Curiosity Killed the Cat

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The cat was dead. There was no question about that. I felt his little chest for any signs of life—nothing.

Only one question remained: who killed the cat?

Could it have been Elise, the cat’s owner? She’d been complaining about him for a while now—the cat was too dumb, the cat was mean, the cat had a habit of shredding the drapes when he was left home alone. Had Elise finally gotten fed up with the cat and killed it in a moment of rage? No, he was all Elise had—kill the cat and she would find herself alone again.

Could it have been Caitlin, the cat-sitter? She never really liked the cat in the first place, and she had every opportunity to sneak a little poison into his food jar when she was housesitting for Elise… But without the cat, she wouldn’t have made any money, and Caitlin was two-months behind on her rent. It just didn’t add up.

Could it have been a stranger, some kind of cat killer who committed his crimes in the cover of the night? Ah, but what motive would this cat killer have had? The cat never went outside—it was unlikely anyone even knew he existed, let alone had enough anger towards him to commit a murder.

I’d explored all the options and I had absolutely no idea what to say. In front of me stood Elise, Caitlin, and my Pet Crimes Partner, Lou. I was supposed to be the prodigy, the Pet Crimes Whisperer, but here I was—clueless.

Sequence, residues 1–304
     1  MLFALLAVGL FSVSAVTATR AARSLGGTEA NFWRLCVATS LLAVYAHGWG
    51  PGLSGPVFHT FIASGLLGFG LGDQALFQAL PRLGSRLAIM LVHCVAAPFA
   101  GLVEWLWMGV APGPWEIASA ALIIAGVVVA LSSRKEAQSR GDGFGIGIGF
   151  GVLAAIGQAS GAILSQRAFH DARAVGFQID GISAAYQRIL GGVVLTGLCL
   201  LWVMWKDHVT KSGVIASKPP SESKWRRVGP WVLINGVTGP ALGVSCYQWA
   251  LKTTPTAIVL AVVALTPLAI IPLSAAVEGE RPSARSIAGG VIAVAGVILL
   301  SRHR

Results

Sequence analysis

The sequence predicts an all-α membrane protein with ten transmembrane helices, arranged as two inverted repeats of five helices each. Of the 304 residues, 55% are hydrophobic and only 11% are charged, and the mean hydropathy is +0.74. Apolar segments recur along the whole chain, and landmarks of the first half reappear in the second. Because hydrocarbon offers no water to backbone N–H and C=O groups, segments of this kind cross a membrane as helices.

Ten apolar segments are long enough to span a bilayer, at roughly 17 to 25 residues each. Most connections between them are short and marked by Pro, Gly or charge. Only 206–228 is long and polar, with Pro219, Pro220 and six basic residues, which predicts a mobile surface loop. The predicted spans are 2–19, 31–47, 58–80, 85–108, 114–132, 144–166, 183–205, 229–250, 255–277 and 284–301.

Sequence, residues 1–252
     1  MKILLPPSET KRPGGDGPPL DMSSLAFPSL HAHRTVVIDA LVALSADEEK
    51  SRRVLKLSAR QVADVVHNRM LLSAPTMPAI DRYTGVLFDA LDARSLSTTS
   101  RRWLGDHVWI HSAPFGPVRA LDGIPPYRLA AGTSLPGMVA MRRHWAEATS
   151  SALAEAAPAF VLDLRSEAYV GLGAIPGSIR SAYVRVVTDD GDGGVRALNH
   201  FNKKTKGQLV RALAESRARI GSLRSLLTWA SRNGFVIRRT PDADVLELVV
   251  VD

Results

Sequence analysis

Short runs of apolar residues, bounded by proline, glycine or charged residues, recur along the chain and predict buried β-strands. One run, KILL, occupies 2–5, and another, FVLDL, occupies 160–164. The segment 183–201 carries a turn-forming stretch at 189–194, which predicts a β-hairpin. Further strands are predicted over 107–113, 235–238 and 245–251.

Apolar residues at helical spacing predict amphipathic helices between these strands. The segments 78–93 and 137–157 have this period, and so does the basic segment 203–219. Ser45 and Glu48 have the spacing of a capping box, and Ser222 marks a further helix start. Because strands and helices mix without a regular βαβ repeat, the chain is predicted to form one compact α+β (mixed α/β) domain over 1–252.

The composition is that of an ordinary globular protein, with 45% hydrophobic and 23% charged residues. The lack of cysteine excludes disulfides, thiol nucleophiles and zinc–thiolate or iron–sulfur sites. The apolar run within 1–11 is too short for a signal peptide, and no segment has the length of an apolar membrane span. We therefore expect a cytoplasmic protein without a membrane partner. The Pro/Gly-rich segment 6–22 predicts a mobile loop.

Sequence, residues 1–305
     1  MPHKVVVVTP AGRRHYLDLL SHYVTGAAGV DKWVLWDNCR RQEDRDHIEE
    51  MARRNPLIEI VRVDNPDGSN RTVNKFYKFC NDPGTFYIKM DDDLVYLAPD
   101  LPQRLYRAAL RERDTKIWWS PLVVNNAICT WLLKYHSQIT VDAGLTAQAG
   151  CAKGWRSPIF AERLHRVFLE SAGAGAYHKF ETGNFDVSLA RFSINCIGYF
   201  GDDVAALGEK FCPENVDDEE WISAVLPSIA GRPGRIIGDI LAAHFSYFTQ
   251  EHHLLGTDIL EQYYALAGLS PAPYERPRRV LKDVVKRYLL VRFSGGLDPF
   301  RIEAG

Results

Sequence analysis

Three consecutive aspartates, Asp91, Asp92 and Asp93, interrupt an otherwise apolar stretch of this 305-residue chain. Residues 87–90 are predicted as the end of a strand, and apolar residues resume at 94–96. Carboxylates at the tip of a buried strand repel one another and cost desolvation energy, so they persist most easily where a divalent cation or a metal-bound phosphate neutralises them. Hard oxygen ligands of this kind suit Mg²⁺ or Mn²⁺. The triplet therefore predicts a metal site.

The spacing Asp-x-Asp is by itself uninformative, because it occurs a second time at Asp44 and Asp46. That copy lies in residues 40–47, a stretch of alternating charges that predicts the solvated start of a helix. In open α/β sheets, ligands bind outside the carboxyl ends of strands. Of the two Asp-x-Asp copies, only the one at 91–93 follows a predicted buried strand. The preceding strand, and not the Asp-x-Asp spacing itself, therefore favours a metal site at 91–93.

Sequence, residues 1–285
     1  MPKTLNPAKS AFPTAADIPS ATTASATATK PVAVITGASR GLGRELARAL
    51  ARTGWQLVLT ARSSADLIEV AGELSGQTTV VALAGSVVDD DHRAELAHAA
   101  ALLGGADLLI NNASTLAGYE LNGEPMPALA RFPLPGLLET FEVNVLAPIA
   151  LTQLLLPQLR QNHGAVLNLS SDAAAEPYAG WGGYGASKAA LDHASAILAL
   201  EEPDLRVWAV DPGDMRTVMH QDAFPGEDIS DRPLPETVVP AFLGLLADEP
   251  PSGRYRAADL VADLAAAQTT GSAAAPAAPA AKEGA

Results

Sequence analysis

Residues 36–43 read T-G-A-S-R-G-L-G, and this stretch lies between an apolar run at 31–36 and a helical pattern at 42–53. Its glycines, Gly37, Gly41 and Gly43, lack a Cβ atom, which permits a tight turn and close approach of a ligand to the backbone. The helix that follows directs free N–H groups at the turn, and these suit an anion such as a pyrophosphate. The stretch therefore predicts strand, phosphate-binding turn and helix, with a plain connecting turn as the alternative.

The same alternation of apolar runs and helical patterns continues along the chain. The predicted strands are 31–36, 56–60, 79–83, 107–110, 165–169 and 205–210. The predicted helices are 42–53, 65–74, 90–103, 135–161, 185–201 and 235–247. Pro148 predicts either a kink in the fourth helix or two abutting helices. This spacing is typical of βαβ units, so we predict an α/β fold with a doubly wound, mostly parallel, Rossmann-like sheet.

“One thing is for sure,” I started, unsure of where the thought would take me. “Curiosity killed this cat.”

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The Whole Nine Yards

whole nine yards

The deal was almost set—we’d move our fence six yards to the east and help fix up a barn in exchange for the tractor, giving the Perkins’ a little more land and securing the success of our harvest. The Perkins’ have been trying to slowly get our land for as long as anyone can remember, and we’ve needed a new tractor ever since Jake, our son, broke ours trying to drag a plastic pool filled with his friends across a shallow ravine. Don’t get me started on that boy—he’s full of bad ideas.

That’s beside the point, though. We needed a tractor, the Perkins’ had an extra one that they barely used, and all they wanted in exchange for it was a nine-yard increase along their property’s east side. We’d managed to negotiate it down to six-yards and a few hours of manual labor working to fix up their barn, which had a leaky roof and peeling paint. Six yards? Fine, let them have it.

Just as we were about to sign the deal, Grammy, the oldest member of the Perkins clan and, by extension, basically my own grandmother, pulled out her shotgun, holding it across her body like a guitar, and proudly displayed it for all to see.

“You wait just a minute, now,” she said, voicing her demands as if we were the hostage negotiators in the bank robbery of her dreams. Cocking the gun, she announced, “I said nine yard, not six. Plus help with the barn. I want all of it—the whole nine yards!”